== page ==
A Peculiar Patch of Pussytoes

This week (on account of tomorrow is the deadline) I got around to writing up the results of the two-day survey of leaf-mining moths that Julia and I conducted at Black Rock Forest at the end of August. I showed the list to Jason Dombroskie, who is compiling a list of the Lepidoptera of New York, and he informed me that 17 of the species we found have never been documented in New York before—not counting the four that don’t have names yet. And since he is keeping track of which species have been found in each of New York’s seven ecoregions, he was able to determine that another 27 species we found are new for the Lower New England / Northern Piedmont ecoregion. Not bad for a two-day survey!

Near the end of the second day—shortly after finding the previously unknown immature stages of a Bucculatrix species (more on that later, maybe)—we walked past a patch of pussytoes (Asteraceae: Antennaria ?neglecta) and I did a double-take: “That’s not what pussytoes normally looks like, is it?”


Nearly every rosette bore a dense cluster of leaves, extra densely covered with woolly white hairs.


These reminded me of some midge galls that occur on willows and goldenrods, but I’d never heard of such a thing on pussytoes. I opened one up and sure enough, it had a central cell with something inside…


…and since I recognized the “something” inside as the pupa of a parasitoid wasp, we filled several vials with galls, with the hope that at least one would contain a midge that wasn’t parasitized.

Over the next two weeks, nine eurytomid wasps emerged…


…along with that single midge I had hoped for:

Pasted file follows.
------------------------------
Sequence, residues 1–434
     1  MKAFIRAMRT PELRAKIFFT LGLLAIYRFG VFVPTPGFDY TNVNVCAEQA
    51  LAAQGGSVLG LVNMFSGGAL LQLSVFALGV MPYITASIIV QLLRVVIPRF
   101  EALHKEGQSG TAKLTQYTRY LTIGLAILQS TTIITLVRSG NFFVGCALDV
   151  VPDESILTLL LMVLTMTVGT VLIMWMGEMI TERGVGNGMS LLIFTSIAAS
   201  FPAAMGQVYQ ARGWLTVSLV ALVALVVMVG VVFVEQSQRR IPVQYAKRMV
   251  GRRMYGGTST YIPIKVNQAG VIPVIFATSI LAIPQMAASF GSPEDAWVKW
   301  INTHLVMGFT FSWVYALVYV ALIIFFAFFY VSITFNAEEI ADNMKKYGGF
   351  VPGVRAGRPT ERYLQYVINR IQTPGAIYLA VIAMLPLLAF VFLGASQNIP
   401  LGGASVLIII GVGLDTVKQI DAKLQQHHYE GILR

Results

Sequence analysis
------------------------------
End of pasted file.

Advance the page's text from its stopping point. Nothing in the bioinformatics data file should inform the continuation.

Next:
In these last two shots, she’s showing off her incredible ovipositor, no doubt specially designed for piercing pussytoes plants.


Naturally, I sent her off to Ray Gagné at the Smithsonian. He had never found these galls before either, in over fifty years of studying gall midges, but he reported that the specimen matches the description of Asphondylia antennariae, which was described in 1889 from specimens reared from similar galls on plantain-leaved pussytoes (Antennaria plantaginifolia) collected in Milwaukee. In the key to Antennaria galls in Ray’s 1989 The Plant-feeding Gall Midges of North America, the galls of this species are distinguished from the similar galls of Rhopalomyia antennariae by the latter’s having recurved tips on some of the leaves that form the gall. Asphondylia antennariae galls are not supposed to have leaves that are recurved at the tips, but this turns out not to be a consistent difference, based on the galls I found.


The descriptions in Ray’s species accounts provide a more reliable distinction: the Rhopalomyia galls are polythalamous (multi-celled), whereas the Asphondylia galls are monothalamous, each containing a single larva in a central cell—as I found when I tore open the first gall.

About Charley Eiseman

I am a freelance naturalist, endlessly fascinated by the interconnections of all the living and nonliving things around me. I am the lead author of Tracks & Sign of Insects and Other Invertebrates (Stackpole Books, 2010), and continue to collect photographs and information on this subject. These days I am especially drawn to galls, leaf mines, and other plant-insect interactions.
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7 Responses to A Peculiar Patch of Pussytoes

  1. Thomas of Baltimore City says:

    I suspect lawnmowers destroy innumerable specimens of both gall-making midges,

  2. Anonymous says:

    Fascinating, as always. You are a treasure in this world, thank you for being you Charlie !!!

  3. David Howe says:

    A parasite adding some beauty. I’ll look closer at my pussytoes this year. Thanks!

  4. Bill Chase says:

    The American Broadleaf lawn is a world unto itself.

  5. Karro Frost says:

    So cool. I have never noticed anything like those galls on Antennaria plants I’ve seen. Thank you! I will be looking for them now!

  6. Krissy Boys says:


  7. eub says:

    Do you ever feel the world was made for parasitoid wasps, and the rest of us are just living in it?

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